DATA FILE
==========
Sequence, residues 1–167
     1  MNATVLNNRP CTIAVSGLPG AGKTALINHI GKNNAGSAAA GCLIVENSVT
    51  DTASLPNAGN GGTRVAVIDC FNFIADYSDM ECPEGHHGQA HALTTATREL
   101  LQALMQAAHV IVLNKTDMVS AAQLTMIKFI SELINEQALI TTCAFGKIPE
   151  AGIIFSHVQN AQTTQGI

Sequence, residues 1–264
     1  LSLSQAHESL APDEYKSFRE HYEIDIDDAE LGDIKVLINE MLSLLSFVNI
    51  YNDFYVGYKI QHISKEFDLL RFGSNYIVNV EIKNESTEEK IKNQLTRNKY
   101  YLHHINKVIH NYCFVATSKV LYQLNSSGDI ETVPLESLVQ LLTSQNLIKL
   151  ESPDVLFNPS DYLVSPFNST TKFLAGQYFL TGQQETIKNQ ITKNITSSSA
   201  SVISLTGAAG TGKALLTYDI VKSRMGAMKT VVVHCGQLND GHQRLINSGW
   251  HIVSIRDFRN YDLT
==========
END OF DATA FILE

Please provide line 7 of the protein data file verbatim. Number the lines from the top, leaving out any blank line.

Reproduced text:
     1  LSLSQAHESL APDEYKSFRE HYEIDIDDAE LGDIKVLINE MLSLLSFVNI